Although hardly old enough to warrant the term "tradition," this casserole has managed to earn its place on my short list of Thanksgiving musts and traditions. With its roasted cranberries and squash nestled against wilted kale and plump farro, the casserole is not only striking--maroon, emerald and a soft shade of pumpkin orange, or as I like to call it, fall on a plate--but it also layers competing flavors and textures in a way that can only help to elevate the meal. It's the ideal companion for the turkey; that is, if it doesn't manage to steal the show itself. 

Farro Casserole with Cranberries, Squash, Kale and a Sage Béchamel

yields about 6-8 servings

        This casserole is quite filling on its own and, because it's full of fruit and vegetables, makes an excellent Thanksgiving side dish for vegetarians. That said, it can also easily become vegan by holding the Béchamel sauce; in this case, I would suggest not sautéeing the kale and, instead, tossing it with the still-warm farro and roasted cranberries and squash so that it wilts a little. The whole dish can then be drizzled with a simple dressing of olive oil (1 tablespoon) and lemon juice (1/2 lemon) and will be more like a grain-filled salad.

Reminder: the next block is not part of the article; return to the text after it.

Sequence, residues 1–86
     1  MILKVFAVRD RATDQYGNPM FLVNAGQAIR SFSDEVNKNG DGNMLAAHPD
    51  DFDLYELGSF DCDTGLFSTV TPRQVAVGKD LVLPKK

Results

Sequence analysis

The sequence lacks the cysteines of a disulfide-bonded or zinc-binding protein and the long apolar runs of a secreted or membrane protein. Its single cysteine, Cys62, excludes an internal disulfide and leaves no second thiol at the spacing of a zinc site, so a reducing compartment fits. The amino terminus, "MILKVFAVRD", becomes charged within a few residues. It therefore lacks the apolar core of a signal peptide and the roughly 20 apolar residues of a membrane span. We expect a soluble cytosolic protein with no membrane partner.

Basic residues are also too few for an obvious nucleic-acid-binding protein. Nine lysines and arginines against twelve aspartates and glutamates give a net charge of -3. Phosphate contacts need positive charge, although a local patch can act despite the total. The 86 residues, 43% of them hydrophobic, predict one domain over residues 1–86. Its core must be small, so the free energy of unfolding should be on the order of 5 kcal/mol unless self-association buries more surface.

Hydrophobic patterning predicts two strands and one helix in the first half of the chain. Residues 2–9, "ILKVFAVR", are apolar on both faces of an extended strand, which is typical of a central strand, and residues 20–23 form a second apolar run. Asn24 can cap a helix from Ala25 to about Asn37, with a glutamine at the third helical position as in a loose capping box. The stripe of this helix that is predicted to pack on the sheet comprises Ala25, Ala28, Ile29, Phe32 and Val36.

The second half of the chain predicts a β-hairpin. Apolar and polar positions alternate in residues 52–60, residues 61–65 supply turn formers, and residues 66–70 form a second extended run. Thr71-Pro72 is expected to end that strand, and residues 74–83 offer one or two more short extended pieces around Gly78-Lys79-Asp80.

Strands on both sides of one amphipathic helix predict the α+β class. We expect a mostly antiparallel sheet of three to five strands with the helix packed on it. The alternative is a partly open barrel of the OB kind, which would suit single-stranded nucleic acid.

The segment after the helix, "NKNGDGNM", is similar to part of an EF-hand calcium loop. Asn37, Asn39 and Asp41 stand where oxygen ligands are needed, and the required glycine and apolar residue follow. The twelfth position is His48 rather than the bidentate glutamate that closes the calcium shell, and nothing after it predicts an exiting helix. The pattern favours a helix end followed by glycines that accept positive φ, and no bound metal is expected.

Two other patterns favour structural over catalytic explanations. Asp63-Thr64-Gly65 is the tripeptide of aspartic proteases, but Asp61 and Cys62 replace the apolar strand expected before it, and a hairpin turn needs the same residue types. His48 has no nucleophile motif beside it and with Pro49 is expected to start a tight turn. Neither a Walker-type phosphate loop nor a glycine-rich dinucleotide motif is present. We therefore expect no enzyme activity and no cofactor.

While I like having this dish be almost equal parts fruit, vegetables and grain, it would be simple to double the recipe. Rather than doubling all the ingredients though, I would recommend cooking two cups of farro and using the same amount of cranberries, kale and squash. There will still be balance, but the casserole, thanks to the additional grains, will have a little more substance.

        Although I haven't tried it myself, there's no reason to believe this couldn't be prepared a few days in advance and then popped into the oven shortly before your feast. For those who like to pace themselves, the cooking process could also be done slowly, so as to be less intimidating: on Monday, you could make a big pot of farro (some could even be frozen for later use); on Tuesday, the cranberries and squash could be roasted and the walnuts toasted in the still warm oven; on Wednesday, you could sauté the kale, make the Béchamel and assemble the dish.

For the casserole: 

-Preheat the oven to 400 F, butter a medium-sized casserole dish and set aside. Then, line two baking sheets with parchment paper.